Techno-Economic, Environmental, and Social Measurement of Clean Energy Technology Supply Chains: Article No. e10131

Jill Engel-Cox, Hope Wikoff, Samantha Reese

Research output: Contribution to journalArticlepeer-review


In addition to the criteria of reliability and cost, clean energy technologies, such as wind, solar, and batteries, need to strive to a higher standard of environmental and societal benefit along their entire supply chain. This means additional performance metrics for these technologies should be considered, such as embodied energy, embodied carbon, recycled content and recyclability, environmental impact of material sourcing, impact on land and ecosystems, materials recovery at end of life, and production through quality nonexploitive jobs with community benefit. Many commercial and emerging energy technologies have not yet been explicitly evaluated based on these environmental and social performance metrics, which presents multiple opportunities for researchers and analysts. In this paper, we review the importance and current limitations of techno-economic and life-cycle assessment models for research design and manufacturing decisions. We explore emerging manufacturing modeling options that could improve environmental and social performance and how they could be used to help guide research. Even with the deployment of low-carbon energy-generation technologies, the future of a successful clean energy transition requires collaboration between researchers, advanced manufacturers, independent standards and tracking organizations, local communities, and national governments, to ensure the financial, environmental, and social sustainability of the entire supply and manufacturing process of energy technologies.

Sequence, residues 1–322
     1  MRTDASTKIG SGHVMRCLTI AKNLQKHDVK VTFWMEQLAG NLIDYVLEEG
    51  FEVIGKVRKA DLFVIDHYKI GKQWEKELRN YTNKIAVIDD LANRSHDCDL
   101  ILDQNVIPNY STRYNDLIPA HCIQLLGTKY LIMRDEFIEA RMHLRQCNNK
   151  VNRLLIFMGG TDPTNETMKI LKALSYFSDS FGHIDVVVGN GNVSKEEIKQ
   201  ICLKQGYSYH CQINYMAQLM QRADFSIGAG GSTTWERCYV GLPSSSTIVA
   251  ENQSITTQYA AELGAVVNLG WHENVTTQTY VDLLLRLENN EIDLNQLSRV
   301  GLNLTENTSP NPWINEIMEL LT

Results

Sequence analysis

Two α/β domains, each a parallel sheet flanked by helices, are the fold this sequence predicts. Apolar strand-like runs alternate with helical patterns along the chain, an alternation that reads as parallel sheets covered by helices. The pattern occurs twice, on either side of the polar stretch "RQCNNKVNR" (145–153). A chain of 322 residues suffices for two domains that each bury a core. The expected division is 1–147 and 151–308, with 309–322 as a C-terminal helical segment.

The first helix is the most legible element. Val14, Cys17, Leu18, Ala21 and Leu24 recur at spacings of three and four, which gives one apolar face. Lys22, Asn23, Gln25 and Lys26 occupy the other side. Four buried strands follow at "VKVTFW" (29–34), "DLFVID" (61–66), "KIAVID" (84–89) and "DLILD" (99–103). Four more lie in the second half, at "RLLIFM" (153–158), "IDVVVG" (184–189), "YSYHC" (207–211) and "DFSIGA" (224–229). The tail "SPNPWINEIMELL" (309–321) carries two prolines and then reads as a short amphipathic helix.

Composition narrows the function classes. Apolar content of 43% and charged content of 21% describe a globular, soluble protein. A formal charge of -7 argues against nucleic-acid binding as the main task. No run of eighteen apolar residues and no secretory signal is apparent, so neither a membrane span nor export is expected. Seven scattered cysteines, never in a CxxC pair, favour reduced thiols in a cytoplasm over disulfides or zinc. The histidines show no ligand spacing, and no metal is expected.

Original languageAmerican English
Number of pages5
JournalJournal of Advanced Manufacturing and Processing
Issue number3
StatePublished - 2022

NREL Publication Number

  • NREL/JA-6A50-82800


  • clean energy
  • life-cycle assessment
  • social sustainability
  • supply chains
  • sustainability
  • technoeconomics


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